PS: You can create a competition between groups. Each group needs to send a participant to participate in this competition and define the champion.

 

10. Karaoke

Useful for: Saturday Night

Supplies needed: Microphone, Karaoke songs

People: No limit

Karaoke is meant to be sociable. So, you can challenge the teams by asking them to send a participant up to sing. You can make some mentors or organizers judges and rate the best performances.

At first, participants can be a bit shy, so try to break the ice by being the first to sing, having one mentor and one organizer to sing after you.

 

11. Talent show

Useful for: Saturday Night

Supplies needed: Microphone, Instruments, Cards, Tennis Balls, etc.

People: No limit

Invite people to participate individually or in groups to show off a talent. They can do magic tricks, dance, sing, play some instrument, do malabarism, and much more.

Yet again, at first, participants can be a bit shy, so try to break the ice by being the first to perform, and have one mentor and one organizer set up to perform after you.

 

12. Kung fu Master

Useful for: Icebreaker, Saturday Night

Supplies needed: None

People: Teams of 5-10 (Split larger groups into multiple circles)

Do not think of a pink pig! Yeah! You thought about it, right? This is how the dynamics of kung fu master works!

Place a mentor or organizer in the center of each circle. This person will be the kung fu master. The circle is closed and all members of the group are hand in hand. When you say GO! The masters will have to do 3 kung fu moves, and after that, participants have to start jumping and count to 5, unlink hands and make any “kung fu” move as long as it is different than the movements presented by the kung fu master. It is important to say that participants can’t repeat the same move.

Participants that repeat his/her own movement, or one from your master, is removed from the circle. When there is one person left in each circle, merge to a single group and that one person will be the kung fu master. Now, participants have to count to 3 instead of 5 as before.

13. Clapping Circle

Useful for: Icebreaker, Saturday Night, Sunday Morning

Supplies needed: None

People: No limit

Create a big circle and have all participants put their hands in front of them. Have each person interchange their hands so that the space in front of them contains not only one of their hands but someone elses. So, that pattern should be: your own hand, hand of person on your left, your own hand, hand of person on your right.

You should lead the group by having each person tapping their hand on the ground in a clockwise direction. Then repeat but in an anti-clockwise direction. Up the competition by allowing the participant to control which direction the tap moves in by adding in a double tap to change the direction. If participants are too slow or pick their hand up to tap out of turn, they are out and must remove their hand from the circle. The last two players are the winners.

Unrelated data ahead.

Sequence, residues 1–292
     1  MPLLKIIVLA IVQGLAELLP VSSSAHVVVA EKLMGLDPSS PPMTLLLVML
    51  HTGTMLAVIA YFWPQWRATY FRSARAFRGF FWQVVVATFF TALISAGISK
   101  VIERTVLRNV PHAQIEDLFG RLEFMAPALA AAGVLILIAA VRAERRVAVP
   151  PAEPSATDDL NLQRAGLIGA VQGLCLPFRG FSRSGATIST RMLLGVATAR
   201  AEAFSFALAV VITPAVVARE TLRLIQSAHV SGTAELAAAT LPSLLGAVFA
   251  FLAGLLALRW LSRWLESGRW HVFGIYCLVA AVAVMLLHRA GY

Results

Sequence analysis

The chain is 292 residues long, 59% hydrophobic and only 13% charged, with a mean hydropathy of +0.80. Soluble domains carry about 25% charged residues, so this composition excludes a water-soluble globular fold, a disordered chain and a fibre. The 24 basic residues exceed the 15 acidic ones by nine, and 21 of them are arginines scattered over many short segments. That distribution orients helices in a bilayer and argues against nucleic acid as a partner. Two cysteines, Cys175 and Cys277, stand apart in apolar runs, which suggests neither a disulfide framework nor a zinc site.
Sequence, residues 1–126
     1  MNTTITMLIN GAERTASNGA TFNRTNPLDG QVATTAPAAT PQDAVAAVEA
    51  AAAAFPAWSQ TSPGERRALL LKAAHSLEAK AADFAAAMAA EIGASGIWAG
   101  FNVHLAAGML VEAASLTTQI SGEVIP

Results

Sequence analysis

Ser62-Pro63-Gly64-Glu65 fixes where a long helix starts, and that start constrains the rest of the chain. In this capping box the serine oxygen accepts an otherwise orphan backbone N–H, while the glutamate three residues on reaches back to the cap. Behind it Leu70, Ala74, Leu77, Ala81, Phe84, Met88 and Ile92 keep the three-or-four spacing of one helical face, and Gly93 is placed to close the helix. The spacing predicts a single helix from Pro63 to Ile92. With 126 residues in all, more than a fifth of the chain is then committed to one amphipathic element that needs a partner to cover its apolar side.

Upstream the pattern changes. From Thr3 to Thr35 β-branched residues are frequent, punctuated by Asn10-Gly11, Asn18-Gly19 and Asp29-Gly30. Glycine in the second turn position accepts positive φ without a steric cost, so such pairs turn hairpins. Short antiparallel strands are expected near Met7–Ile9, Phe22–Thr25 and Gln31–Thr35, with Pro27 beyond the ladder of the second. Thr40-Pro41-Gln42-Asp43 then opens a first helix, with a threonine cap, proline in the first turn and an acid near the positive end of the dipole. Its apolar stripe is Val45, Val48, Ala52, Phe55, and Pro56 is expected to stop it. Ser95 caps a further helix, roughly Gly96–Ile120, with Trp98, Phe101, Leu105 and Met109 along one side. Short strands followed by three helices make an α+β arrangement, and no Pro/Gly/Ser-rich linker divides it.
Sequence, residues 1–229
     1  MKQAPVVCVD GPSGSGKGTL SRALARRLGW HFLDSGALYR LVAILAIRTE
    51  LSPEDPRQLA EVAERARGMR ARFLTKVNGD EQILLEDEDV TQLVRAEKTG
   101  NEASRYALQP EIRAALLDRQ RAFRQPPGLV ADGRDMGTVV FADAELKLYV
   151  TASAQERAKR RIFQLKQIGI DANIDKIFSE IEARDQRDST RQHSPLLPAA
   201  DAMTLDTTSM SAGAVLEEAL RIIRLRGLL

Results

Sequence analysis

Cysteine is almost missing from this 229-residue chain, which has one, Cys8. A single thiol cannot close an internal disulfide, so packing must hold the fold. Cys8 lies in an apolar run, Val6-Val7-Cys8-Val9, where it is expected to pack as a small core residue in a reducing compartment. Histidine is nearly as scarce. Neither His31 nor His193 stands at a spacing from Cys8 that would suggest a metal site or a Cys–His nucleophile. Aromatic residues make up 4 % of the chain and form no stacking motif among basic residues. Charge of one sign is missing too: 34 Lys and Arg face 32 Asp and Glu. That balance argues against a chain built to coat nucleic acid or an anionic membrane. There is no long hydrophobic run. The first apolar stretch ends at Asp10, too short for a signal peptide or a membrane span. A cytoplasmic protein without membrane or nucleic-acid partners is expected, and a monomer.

14. Questions Only

Useful for: Saturday Night, Entertain the audience during the deliberation

Supplies needed: None

People: No limit

I love this dynamic because I was a big fan of a TV show called, “Who’s Line is it Anyway?” The format is very simple – only questions may be used in this activity.

Whoever makes a mistake is replaced by another person from the audience. If you want to give more rhythm, you can create some topics on post-it notes (similar to Half Baked) and change the subject with each error.

 

15. Right Path

Useful for: After the deliberation

Supplies needed: None

People: No limit

There is a traditional practice in a tribe in Africa where they take a person to the center of the village when they do something wrong. The tribe surrounds him, and for 2 days they say all the good he/she has done. The tribe believes each person is good, but sometimes people make mistakes, which is really a cry for help. They unite to reconnect them with his good nature.

Now it’s your time to invite all participants to pair up and hug each other and say good things about one another. It’s so inspiring! You can also do the same with organizers and mentors.


Tips

 

There are dozens of dynamics that can be used, but pay attention with these following tips:

  • Choose volunteers carefully and don’t cause embarrassment.
  • If something is not working, move quickly on to the next activity.
  • Timing is important.
  • No event is the same and your understanding of what will and will not work is your super power.
  • Enjoy it!

“People are here for many different reasons, but we are here for just one. Make their weekend unforgettable” @bernarddeluna

 

Follow me on Twitter @bernarddeluna. If you have any suggestions for a new, awesome group dynamic for Startup Weekends, please comment below. 


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Lucia Trochez Lucia Trochez
(@lulutro) Lucia loves to travel, as International Marketing Manager, she focuses on helping startups around the world grow their presence and branding. Lucia studied Multimedia Engineering in Bogotá, Colombia, where she’s from.